Sears. Gymboree. Payless. Charlotte Russe. Diesel. Run the clock back twenty years, and this list is describing a pretty good section of your local mall. However, in 2019, these businesses are just a few members of retail royalty that have gone bankrupt.
In spite of this plethora of store closings, retail is generally doing well, as is ecommerce. And brick-and-mortar retail itself is also still performing. Even the digital giant Amazon has gone brick-and-mortar with its own physical stores.
The reality is that retail marketers need to adapt to the journey of today’s consumer, and that journey is far different than what it used to be. Retailers must think through all the touch points a consumer has in their purchase cycle and consider what they want to achieve along the way.
Here are some key points to consider:
What is driving your consumer to choose between physical and ecommerce?
Some consumers looking for value and the best prices visit retail stores for comparison shopping. Brands must amend their digital presence to meet those needs. Alternately, other shoppers are wary of crowds, long lines, and limited in-store selection, opting for a digital purchase instead. Brands must also update their physical presence to improve upon the user experience.
To alleviate the sharp Amazon sting, Best Buy brought a new CEO on board in 2012. One of Hubert Joly’s first action items was a price-matching guarantee. Customers who entered the store to personally try out the product felt empowered to buy on the spot—thanks to the guarantee. Further, he carved out showroom space for big brands, including Apple, Microsoft and Samsung so vendors could interact with customers.
Is your brick and mortar location fully utilized?
Just as TV is valued for its ability to bring sight, sound, and motion to a big screen, don’t forget that your store has the ability to
impress all five senses in a fully immersive, 3D, 360-degree experience. Digital can’t replicate that (yet)!
Tiffany & Co. took a major leap in London’s Covent Garden by opening an ‘Instagrammable’ atmosphere. Wanting to connect more with customers who loved the brand but did not want something too pricy, the iconic brand showcases an affordable blend of housewares and accessories in their ‘Style Studio.’ Customers can also have jewelry engraved while they shop.
How can you create a more experiential in-store experience?
Some disruptors have transformed their stores to allow customers to experience an immersive community. Brands such as Sonos and Samsung are creating an apartment-like atmosphere where shoppers can experience their products in an authentic environment. A Reebok Store in Paris has transformed its showroom into a literal “sport court” where patrons can play, creating a memorable shopping experience.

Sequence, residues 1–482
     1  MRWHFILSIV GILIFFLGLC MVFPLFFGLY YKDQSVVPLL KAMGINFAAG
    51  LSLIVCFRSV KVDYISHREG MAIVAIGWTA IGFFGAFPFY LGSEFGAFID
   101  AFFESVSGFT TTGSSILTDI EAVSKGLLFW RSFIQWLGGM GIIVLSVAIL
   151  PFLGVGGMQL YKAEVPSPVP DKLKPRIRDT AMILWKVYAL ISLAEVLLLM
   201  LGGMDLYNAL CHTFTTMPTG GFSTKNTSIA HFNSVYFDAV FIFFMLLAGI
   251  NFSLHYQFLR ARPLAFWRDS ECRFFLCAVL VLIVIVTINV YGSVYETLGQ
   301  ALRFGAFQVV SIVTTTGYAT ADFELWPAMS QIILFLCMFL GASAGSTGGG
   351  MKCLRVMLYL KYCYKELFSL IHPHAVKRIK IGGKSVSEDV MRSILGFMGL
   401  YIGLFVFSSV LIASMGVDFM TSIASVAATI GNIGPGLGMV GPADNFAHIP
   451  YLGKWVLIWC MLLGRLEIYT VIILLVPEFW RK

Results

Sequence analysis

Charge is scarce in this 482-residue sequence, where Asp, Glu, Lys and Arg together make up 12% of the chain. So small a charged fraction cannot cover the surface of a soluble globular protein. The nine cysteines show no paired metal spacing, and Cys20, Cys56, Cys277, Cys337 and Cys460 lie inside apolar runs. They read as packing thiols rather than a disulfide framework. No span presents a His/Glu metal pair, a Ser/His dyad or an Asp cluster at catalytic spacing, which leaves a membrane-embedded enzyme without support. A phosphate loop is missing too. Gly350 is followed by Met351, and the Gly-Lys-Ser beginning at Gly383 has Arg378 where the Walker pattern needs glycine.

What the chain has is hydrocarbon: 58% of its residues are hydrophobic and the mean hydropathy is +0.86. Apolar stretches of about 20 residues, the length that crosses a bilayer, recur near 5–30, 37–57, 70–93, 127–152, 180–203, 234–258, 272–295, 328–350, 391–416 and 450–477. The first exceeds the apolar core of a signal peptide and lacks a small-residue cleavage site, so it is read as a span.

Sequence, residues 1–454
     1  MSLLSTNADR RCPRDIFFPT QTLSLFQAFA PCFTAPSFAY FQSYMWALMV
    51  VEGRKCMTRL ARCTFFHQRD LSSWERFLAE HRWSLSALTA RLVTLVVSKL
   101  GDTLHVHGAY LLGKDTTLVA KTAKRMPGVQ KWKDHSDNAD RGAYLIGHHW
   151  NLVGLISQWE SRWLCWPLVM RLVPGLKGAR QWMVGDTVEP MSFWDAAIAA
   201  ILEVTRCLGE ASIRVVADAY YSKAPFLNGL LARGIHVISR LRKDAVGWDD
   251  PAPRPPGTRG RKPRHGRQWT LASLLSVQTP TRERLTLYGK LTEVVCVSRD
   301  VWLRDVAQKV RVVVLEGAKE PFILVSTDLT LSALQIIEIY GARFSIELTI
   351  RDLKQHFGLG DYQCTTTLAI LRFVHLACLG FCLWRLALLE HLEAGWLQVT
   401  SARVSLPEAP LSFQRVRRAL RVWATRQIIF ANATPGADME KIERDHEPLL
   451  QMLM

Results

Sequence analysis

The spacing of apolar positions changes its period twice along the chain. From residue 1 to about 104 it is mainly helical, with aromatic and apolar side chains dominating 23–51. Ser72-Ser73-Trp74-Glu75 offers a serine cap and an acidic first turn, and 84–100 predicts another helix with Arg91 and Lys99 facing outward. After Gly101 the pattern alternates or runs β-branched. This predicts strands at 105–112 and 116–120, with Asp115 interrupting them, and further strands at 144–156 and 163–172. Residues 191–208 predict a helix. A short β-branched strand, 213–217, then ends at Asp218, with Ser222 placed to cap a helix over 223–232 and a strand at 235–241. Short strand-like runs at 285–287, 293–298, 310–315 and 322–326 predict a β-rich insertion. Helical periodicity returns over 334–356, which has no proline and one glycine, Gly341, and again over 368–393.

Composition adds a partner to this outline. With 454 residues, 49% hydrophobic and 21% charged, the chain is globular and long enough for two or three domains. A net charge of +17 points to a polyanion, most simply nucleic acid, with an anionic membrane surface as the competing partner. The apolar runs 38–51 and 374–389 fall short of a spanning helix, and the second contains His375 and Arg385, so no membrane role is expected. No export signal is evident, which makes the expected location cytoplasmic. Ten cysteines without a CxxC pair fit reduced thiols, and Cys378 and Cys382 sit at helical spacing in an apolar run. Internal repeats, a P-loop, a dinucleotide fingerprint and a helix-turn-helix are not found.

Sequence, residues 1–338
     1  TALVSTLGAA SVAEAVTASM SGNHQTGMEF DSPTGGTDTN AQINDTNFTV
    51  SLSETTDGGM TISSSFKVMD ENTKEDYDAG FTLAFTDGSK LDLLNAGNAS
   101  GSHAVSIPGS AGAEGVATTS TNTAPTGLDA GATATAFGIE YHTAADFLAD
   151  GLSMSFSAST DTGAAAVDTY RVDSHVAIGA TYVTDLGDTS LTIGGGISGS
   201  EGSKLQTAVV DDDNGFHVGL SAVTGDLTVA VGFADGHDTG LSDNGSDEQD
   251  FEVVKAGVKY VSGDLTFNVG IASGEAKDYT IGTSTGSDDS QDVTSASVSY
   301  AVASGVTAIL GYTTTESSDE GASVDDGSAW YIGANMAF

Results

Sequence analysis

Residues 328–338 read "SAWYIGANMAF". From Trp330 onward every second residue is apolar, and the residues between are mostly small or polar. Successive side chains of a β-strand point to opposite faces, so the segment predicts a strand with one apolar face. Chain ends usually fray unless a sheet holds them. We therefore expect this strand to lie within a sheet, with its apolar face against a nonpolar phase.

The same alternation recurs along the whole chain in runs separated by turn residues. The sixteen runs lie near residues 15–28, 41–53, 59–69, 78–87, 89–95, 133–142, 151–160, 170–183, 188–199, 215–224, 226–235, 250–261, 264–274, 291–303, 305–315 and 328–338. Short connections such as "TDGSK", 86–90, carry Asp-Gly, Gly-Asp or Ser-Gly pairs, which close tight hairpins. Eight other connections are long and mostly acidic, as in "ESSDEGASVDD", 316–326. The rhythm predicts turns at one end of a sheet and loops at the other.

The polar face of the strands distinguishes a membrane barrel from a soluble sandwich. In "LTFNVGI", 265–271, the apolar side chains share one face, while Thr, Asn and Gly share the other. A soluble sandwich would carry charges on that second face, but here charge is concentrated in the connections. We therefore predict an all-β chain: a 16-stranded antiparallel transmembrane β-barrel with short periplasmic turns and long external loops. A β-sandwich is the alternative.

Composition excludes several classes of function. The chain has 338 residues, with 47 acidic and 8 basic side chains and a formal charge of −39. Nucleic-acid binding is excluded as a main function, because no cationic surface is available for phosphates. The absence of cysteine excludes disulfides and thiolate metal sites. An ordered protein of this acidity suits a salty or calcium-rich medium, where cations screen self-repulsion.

Defining an optimal encounter that aligns with your vision is imperative.
What should you do with social media?
Having a Facebook page is not a social media strategy. Retailers need to make a decision about how deeply they want to engage with consumers on social media and make sure they have the resources to follow through on that engagement.
Wendy’s, for example, has a strong Twitter presence, but not every retailer can afford to make that investment. Don’t set an expectation that you’ll interact with customers on social media if it is not within your capabilities.
Are you offering buy online pick up in store?
Offering the convenience of click-and-collect services is a must as retail locations look towards the future. Consumers are increasingly looking for retailers that can provide convenience and speed in their shopping experience. BOPIS [buy online, pick up in store] not only benefits the shopper but retailers as well by reducing operational costs and bringing the customer to the physical retail location where they will be tempted to make additional purchases.
To test the BOPIS waters, researchers designed a survey for secret shoppers to go on a shopping spree at 10 major retailers. Best Buy was crowned the winner, while Walmart was the last one out of the pool.
This is still in trial-and-error mode. Clearly, the retailers that took 10 minutes—an eternity—to fulfill an order need to take a more automated approach to slice precious minutes off the experience.
Are you properly calculating the impact of digital on in-store?
Or the other way around? Don’t worry if you’re not. Almost no one is!
The next time you enter “near me”, try to count the number of promoted pins that magically appear on a map. Simply press one and, voila!, a digital map is at your fingertips.
This is one trick up a marker’s sleeve to help raise awareness for businesses in your area. The Waze app is another way that retailers get their branded messages to digitally appear on your screen.
And, of course, the Facebook store visit metrics are playing in the space. Using location-based advertising techniques will help you expand your presence by seizing the attention of customers conducting research.
This analysis is the biggest riddle in retail today. There is a reason retailers pay big data-analytic bucks to trace the digital breadcrumbs back to the point of sale. You can employ digital coupons for in-store redemption to make a direct tie. Google and Facebook both offer offline attribution solutions. Old-school econometric regression analysis methods still have their place.
The real point isn’t whether or not you have it right today. The imperative is to start down the path. Test solutions and see how they can be applied to your business. There may be no perfect solution, but stagnation is death.
Jellyfish is a digital marketing agency based in the United Kindom.